By Caleb Slinkard
The Commerce Journal
The holidays can be stressful. There are the preparations, the decorations, the cooking, the cleaning. There is dinner with mom’s family, brunch with dad’s family, with your husband’s family, with your stepwife’s family. Relatives are spread across the country. It’s easy to feel spread thin.
Everything is a commercial today. After all, Santa Claus is red because Coca-Cola wanted to sell more beverages. Black Friday. Cyber Monday. Buy, buy, buy. Get a turkey. Listen to Christmas music, put up Christmas decorations. There are expectations to meet, children and parents to please. And putting up a Christmas tree? Unless it’s fake, it can be a hassle.
Some people hate the holidays with a passion. It’s too much work, too much stress. And the January credit card bill is enormous.
Others decide to make a political stand. It’s Christmas, not the religiously-sanitized phrase “the holidays.” It’s time to put Christ back into Christmas, they say emphatically. Christmas is about the Jesus coming to Earth, not about new iPads. They still probably want presents, though.
All have good points.
Thanksgiving and Christmas are certainly about eating good food, spending too much money, visiting relatives (even ones we can’t stand) and spending way too much free time decorating. It’s about gaining weight and taking time off.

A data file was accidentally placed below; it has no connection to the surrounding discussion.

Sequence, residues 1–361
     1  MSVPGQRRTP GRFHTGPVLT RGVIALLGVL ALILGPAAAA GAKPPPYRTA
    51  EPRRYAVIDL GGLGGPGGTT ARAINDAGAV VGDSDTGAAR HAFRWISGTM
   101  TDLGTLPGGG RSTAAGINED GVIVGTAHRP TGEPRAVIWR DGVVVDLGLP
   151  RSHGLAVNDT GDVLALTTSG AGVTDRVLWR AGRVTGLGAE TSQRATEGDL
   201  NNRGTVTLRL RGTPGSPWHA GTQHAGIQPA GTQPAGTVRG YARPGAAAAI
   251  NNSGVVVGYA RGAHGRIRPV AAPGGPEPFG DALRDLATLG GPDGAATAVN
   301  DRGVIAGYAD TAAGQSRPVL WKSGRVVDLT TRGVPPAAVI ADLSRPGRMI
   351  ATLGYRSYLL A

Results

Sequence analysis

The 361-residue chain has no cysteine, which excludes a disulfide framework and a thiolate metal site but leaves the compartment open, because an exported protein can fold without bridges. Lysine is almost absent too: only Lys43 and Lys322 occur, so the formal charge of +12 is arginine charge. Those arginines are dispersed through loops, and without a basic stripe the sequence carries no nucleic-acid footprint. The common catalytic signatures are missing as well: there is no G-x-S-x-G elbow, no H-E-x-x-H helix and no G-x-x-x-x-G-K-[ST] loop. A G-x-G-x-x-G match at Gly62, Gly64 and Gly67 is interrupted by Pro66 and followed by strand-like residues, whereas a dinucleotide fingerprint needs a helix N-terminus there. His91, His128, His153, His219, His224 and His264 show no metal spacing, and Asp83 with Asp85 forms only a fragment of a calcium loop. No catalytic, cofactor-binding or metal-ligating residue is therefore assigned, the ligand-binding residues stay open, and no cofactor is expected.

People recognize how the hustle and bustle of the holidays brings out the crazy in each of us. Movies are made encouraging us to slow down, metaphorically smell the roses and take joy in our family and friends. Perhaps they too have a point.
The holidays for me are a special time because of traditions. In 21st century America, we don’t have a lot of traditions. One of the side effects of America being a “melting pot” is we became disconnected from our heritage as our forefathers assimilated.
But my family has a tradition, and even though it’s similar to millions of other families across the globe, it has its own touches that make it unique.
Each year, we get our new Christmas tree the Friday after Thanksgiving. We bring it home, set it up, and put the lights on it. Our parents get me and my two brothers a new Christmas ornament each year. And this year, as I put it on the tree, I realized I’d done this before about a dozen times. The same decorations, the same moves. Like an annual dance I’ve come to memorize.
That is comforting, because each year brings its own triumphs and struggles. Each year I become a little older, and a little more experienced. I’ve graduated from college now. I have a “real job” and grown-up stuff like car payments. I used to get up at 6 a.m. Christmas morning and beg my mom to go through our stockings. Now, it takes a concerted effort from my brothers to get me up before 11 a.m. Some of the magic of Christmas has dissipated.
But when I put that first ornament on the tree, carefully looking for just the right spot, inconspicuous yet meaningful, I can be a kid again, in his Dallas Cowboy pajamas, so excited he could barely sleep the night before.
And, to me, that’s what Christmas is really about.